Today is the last day of a consultation by Research Councils UK (RCUK) on its draft policy on Access to Research Outputs [PDF]. The proposals are a clear and strong statement that RCUK-funded research should be made available via open access (OA). It goes far beyond the current OA offerings from some publishers and represents a welcome statement of support for the OA movement. Where the policy is less strident is on open access to research data and related materials.

I copy my email to RCUK below.

Dear Sir or Madam,

I am writing in regard to the consultation on the draft proposals for a new RCUK policy on Access to Research Outputs.

I welcome the RCUK’s lead on the issue of open access to RCUK-funded research outputs and am pleased that a strengthening of the current policy is proposed.

In particular the requirement for Open Access (OA) to mean CC-BY is a significant improvement over the current policy; it is abundantly clear what RCUK means by OA and leaves no scope for ambiguity. Some journal publishers, most notably Elsevier, have been obfuscating the term “Open Access” with their own decidedly non-OA offering. If these publishers wish to publish papers on RCUK-funded research they will have to adopt the industry standard for Open Access that is inscribed in the Budapest Open Access Initiative.

The lack of a non-commercial clause in the draft policy is important. Without a specific RCUK definition of “commercial”, a non-commercial clause would lead to a degree of ambiguity on what was and was not allowed and would allow publishers to define their own terms for commercial use. If there is one group that should not be determining the scope of commercial exploitation of research papers it is academic publishers, who have provided naught but the final typeset manuscript. It behoves RCUK and UK scientists to allow the widest possible use of their research outputs. The tax-payers that fund this work should expect that the maximal benefit be derived from the research and that is not achievable if access to the published record is restricted to non-commercial activities. In short, a non-commercial clause would be a barrier to the widest possible dissemination of RCUK-funded research outputs.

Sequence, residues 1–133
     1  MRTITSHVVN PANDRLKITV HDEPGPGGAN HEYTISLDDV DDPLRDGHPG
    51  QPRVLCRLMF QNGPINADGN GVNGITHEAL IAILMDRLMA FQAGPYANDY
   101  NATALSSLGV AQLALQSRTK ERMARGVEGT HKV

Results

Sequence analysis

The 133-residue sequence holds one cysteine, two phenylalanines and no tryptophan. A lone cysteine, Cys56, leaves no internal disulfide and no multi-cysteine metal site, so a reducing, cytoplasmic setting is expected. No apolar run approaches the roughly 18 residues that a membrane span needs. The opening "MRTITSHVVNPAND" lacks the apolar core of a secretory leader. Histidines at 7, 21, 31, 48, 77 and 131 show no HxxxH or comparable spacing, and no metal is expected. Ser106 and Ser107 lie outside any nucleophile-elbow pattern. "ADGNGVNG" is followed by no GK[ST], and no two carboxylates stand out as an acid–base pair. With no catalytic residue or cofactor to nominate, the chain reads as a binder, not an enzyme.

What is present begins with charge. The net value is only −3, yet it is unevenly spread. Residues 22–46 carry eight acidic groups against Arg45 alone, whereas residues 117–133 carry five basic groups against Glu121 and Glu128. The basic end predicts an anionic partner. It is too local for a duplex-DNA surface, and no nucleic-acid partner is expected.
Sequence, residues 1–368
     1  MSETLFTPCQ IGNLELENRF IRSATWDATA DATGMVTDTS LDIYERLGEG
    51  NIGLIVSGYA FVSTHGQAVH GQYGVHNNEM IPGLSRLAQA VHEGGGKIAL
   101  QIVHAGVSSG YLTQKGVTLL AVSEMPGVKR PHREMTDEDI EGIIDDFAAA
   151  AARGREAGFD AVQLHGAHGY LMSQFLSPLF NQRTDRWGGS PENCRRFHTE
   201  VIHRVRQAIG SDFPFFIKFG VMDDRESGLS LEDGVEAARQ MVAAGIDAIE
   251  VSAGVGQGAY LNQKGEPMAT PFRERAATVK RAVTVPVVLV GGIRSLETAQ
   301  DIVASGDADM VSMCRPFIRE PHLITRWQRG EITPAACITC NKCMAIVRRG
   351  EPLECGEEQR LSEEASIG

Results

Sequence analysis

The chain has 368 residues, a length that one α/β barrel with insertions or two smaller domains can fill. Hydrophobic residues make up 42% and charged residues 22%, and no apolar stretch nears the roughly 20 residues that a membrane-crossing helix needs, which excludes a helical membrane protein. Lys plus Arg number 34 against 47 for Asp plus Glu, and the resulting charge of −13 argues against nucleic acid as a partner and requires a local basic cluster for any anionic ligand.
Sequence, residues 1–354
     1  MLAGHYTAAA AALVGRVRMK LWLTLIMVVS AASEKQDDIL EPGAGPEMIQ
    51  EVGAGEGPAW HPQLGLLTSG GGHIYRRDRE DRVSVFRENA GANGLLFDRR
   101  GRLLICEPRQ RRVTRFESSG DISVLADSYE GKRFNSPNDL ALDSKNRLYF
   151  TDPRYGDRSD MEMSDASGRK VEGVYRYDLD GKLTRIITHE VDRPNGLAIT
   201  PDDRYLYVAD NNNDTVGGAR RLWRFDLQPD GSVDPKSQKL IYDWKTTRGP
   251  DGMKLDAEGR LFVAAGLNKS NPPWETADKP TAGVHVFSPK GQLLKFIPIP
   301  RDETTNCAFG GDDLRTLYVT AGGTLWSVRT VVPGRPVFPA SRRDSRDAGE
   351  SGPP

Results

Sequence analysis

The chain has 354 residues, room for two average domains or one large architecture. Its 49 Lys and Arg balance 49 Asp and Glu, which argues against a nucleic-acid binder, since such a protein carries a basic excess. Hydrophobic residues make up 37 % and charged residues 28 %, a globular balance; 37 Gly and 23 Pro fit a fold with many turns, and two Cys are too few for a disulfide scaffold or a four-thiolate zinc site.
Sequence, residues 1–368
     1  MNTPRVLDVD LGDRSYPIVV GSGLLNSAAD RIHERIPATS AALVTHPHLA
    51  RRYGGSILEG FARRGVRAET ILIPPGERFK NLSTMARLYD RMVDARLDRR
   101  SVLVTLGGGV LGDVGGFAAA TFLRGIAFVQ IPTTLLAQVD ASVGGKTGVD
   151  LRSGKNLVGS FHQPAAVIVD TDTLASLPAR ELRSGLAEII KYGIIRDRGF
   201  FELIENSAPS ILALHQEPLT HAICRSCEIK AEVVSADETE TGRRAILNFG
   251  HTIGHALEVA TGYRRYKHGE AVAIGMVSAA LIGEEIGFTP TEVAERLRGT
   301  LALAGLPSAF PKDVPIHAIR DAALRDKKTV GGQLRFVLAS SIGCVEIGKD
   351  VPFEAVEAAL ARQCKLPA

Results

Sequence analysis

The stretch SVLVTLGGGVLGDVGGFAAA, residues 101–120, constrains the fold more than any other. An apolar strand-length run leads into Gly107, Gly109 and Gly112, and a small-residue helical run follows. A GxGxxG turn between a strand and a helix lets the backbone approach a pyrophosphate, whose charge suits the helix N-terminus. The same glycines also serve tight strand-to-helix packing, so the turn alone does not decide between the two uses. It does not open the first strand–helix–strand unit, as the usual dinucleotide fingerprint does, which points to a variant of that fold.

The mix of Gold and Green OA allows a staged progression towards Gold OA which should be considered the ideal method of making scholarly research OA. Until a sustainable funding model is in place that does not in itself restrict dissemination due to an insufficiency of funds Green OA represents a workable compromise. However, the individual research councils should specifically mandate suitable repositories. Green OA works need to be discoverable and easily searched, linked to etc. For Gold OA publisher’s websites provide easy access to papers that are discoverable via web searches and tools such as Web of Knowledge and Scopus. Green OA is a different case and without a strong lead from RCUK we risk fragmentation of the OA versions of research outputs that will limit the scope of access. A repository (or repositories) similar to UKPMC is required for the remaining research councils and RCUK should look to invest in such a service for the entire UK academic community.

The statements in the policy setting out the requirements journals need to meet to be compliant with the draft policy are a welcome addition. There has been little or no regulation of the OA publishing industry and as such there is a wide variation in what is meant by OA and how it is provided by the journals. The compliance statements should help introduce an accepted standard for OA to the STEM publishing environment.

Whilst, in an ideal world, there should be no need for embargo periods I accept that for a period of transition an embargo of no more than 6 months be the policy or one that is worked towards. The policy should indicate that this is an interim measure and that the RCUK will strive towards removing the acceptance of an embargo from future versions of the policy.

The policy on “How Open Access [is] paid for” represents a clear statement that the required costs to the scientists and institutions of implementing the policy can be met directly from grant funds or from overheads. RCUK will need to work with institutions to ensure that appropriate increases in Indirect Costs are allowed on grant applications in order that sufficient an institutional fund be available so as to not restrict dissemination of research findings for lack of funds.

Section 8 on access to research materials is the one weak area of the proposed policy. The draft fails to appreciate that it is not access to the underlying data that is of sole importance; the ability to discover those data and make links between disparate data sets are equally important. Hence the establishment of data/research material repositories such as /inter alia/ Dryad and Figshare. The rest of the policy acknowledges that tax payer-funded research outputs should be freely available and does so in a clear and strong manner. The policy on data is particularly weak but open data of is fundamentally the same nature as OA publication. Appropriate meta data allow links between data to be made that might not otherwise be identified or appreciated. The RCUK should mandate that data collected as part of council-funded projects be deposited in one of a series of approved repositories.

Yours sincerely

Dr Gavin Simpson Department of Geography UCL


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By Gavin Simpson

10 April 2012

Posted in

Science

Tagged

Academic publishing
Budapest open access initiative
Open access journal
Openaccess
Research councils uk
Science